News

On the Role of Collective Electrostatic Effects in Electronic Level Pinning and Work Function Changes by Molecular Adlayers: The Case of Partially Fluorinated DNTTs Adsorbed Flat-Lying on Various Metals and Hetero-Structures – Publication by A2 (Witte) and A8 (Koert)

In a new publication in Advanced Materials Interfaces, the groups of Gregor Witte (A2), Ulrich Koert (A8) as well as Jérôme Cornil from the University of Mons report on the formation of an internal interface dipole at a metal/2D metal/organic hetero-interface, which can be modified by the outer organic monolayer.

Schematic representation of the outer and internal interface dipoles at the FxDNTT/cesium/copper hetero-interface (Image: Maximilian Dreher, CC BY-NC-ND 4.0).

The use of organic contact layers is a versatile tool to control the work function of metal electrodes. While partial fluorination of robust organic molecules leads to a significant shift of their frontier energy levels in the isolated molecules, this effect can be wiped out for organic films adsorbed on high work function metal substrates leading to an equalization of the corresponding HOMO levels. Consequently, also the work function shift is equalized in the condensed phase, which is often referred to as HOMO (resp. LUMO) level pinning. Especially the LUMO level pinning has been reported only on a theoretical level in literature yet.

By using partially fluorinated DNTTs, which were synthesized by project A8 and exhibit such a HOMO level pinning on high work function noble metals, the group of Jérôme Cornil (Mons, Belgium) demonstrated that a LUMO level pinning also exists on low work function Cs(110) surfaces on a theoretical level. To face low work function surfaces experimentally, Maximilian Dreher and coworkers used atomically thin cesium layers that grow epitaxial on Cu(100) single crystals and provide more inert, low work function surfaces. In contrast to the expectation, this copper/cesium/organic hetero-stack reveals no LUMO pinning effect. Complementary DFT calculations demonstrate, that the contributions prevailing on the work function shift can be separated into (i) an outer interface dipole between the organic layer and the 2D cesium layer and (ii) an inner, buried interface dipole at the metal/cesium interface. While the outer interface dipole is again equalized for the different FxDNTT species, the buried interface dipole is modulated dependent on the degree of fluorination of the molecules.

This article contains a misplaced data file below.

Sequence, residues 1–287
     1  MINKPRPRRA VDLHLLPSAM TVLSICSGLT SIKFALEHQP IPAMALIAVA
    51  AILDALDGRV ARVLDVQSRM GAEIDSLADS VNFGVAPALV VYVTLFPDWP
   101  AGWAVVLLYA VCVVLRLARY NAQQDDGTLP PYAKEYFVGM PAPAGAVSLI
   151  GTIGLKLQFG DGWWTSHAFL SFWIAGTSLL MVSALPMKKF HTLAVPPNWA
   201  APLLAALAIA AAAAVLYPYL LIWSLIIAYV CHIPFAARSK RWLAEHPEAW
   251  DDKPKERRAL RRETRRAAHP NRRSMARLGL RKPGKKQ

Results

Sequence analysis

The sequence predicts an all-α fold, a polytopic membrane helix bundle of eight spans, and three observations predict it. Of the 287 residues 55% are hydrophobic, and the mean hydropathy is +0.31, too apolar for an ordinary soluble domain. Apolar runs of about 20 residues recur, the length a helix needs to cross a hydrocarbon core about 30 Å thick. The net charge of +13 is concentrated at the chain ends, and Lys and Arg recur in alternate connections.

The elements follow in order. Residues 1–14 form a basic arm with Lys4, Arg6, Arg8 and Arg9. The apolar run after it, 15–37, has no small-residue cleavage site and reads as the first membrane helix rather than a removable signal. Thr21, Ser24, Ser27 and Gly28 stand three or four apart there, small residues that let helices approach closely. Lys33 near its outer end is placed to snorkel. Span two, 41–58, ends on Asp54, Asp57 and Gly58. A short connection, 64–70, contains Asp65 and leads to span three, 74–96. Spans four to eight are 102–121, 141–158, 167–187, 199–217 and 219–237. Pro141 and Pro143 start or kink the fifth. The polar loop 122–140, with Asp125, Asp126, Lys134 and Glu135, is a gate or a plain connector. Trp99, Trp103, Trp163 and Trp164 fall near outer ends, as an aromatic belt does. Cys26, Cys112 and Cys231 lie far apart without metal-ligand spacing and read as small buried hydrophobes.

Such a sandwich hetero-interface provides new possibilities to effectively tailor contact layers between metal electrodes and active organic layers improving their energy level alignment and emphasizes the importance of internal interfaces.

Publication

M. Dreher, D. Cornil, M. W. Tripp, U. Koert, J. Cornil, G. Witte
On the Role of Collective Electrostatic Effects in Electronic Level Pinning and Work Function Changes by Molecular Adlayers: The Case of Partially Fluorinated DNTTs Adsorbed Flat-Lying on Various Metals and Hetero-Structures
Adv. Mater. Interfaces (2022) DOI:10.1002/admi.202200361

Contact

Prof. Dr. Gregor Witte
Philipps-Universität Marburg
SFB 1083 project A2
Tel.: 06421 28-21384
EMAIL